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Journal Article

Raising the stakes of communication: Evidence for increased gesture production as predicted by the GSA framework


Holler,  Judith
Neurobiology of Language Department, MPI for Psycholinguistics, Max Planck Society;
Language in our Hands: Sign and Gesture, MPI for Psycholinguistics, Max Planck Society;
Department of Psychology, Manchester University Manchester;
Radboud University;
Communication in Social Interaction, Radboud University Nijmegen, External Organizations;

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Kelly, S., Byrne, K., & Holler, J. (2011). Raising the stakes of communication: Evidence for increased gesture production as predicted by the GSA framework. Information, 2(4), 579-593. doi:10.3390/info2040579.

Cite as: https://hdl.handle.net/11858/00-001M-0000-0012-18BD-D
Theorists of language have argued that co-­speech hand gestures are an
intentional part of social communication. The present study provides evidence for these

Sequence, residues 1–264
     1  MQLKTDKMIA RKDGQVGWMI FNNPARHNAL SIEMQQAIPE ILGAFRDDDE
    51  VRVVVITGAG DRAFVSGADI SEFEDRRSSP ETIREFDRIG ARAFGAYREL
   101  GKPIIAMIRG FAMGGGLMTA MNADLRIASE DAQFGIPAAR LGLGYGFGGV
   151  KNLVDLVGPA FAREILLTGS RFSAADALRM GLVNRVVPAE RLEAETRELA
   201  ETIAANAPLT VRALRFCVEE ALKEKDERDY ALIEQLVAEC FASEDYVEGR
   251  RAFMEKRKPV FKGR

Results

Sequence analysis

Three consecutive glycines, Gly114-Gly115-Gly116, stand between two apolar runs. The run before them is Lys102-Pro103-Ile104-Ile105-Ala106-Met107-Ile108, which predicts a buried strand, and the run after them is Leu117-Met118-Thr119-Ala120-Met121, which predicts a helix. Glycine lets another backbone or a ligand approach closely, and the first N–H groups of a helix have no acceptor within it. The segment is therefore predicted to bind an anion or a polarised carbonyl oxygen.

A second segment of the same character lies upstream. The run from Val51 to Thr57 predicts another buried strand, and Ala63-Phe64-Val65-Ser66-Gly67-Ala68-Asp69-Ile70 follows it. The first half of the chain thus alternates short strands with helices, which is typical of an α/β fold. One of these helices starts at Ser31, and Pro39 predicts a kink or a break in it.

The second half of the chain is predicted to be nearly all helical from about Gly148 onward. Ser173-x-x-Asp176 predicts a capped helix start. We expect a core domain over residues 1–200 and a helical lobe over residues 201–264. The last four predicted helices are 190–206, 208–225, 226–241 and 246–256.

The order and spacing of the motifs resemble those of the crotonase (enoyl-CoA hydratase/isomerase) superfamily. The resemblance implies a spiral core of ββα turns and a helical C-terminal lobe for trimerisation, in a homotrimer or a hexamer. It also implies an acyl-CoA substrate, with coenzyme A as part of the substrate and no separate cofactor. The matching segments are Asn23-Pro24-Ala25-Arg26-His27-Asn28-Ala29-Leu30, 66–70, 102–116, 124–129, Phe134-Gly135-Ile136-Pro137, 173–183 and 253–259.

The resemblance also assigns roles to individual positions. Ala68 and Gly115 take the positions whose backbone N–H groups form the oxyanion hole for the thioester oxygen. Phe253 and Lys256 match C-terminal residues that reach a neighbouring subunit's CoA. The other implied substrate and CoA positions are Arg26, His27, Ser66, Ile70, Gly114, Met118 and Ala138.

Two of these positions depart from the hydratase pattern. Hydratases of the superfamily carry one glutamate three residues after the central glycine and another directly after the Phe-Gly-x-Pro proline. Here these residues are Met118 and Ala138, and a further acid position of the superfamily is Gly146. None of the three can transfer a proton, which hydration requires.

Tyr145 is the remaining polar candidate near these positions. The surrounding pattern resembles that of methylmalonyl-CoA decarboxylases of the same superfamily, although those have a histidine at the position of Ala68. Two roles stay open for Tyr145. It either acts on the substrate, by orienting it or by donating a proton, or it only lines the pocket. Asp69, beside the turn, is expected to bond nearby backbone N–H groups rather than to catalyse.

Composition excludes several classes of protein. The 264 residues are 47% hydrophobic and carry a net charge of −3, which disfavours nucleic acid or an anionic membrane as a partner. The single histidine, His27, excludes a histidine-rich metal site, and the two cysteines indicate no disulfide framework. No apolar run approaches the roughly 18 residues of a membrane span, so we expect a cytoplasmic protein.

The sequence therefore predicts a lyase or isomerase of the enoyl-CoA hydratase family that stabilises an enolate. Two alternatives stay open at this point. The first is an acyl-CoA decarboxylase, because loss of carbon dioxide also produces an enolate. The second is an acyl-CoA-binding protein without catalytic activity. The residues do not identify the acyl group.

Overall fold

claims by showing that speakers adjust their gesture use according to their perceived relevance to the audience. Participants were asked to read about items that were and were not useful in a wilderness survival scenario, under the pretense that they would then
explain (on camera) what they learned to one of two different audiences. For one audience (a group of college students in a dormitory orientation activity), the stakes of successful
communication were low;; for the other audience (a group of students preparing for a
rugged camping trip in the mountains), the stakes were high. In their explanations to the camera, participants in the high stakes condition produced three times as many
representational gestures, and spent three times as much time gesturing, than participants in the low stakes condition. This study extends previous research by showing that the anticipated consequences of one’s communication—namely, the degree to which information may be useful to an intended recipient—influences speakers’ use of gesture.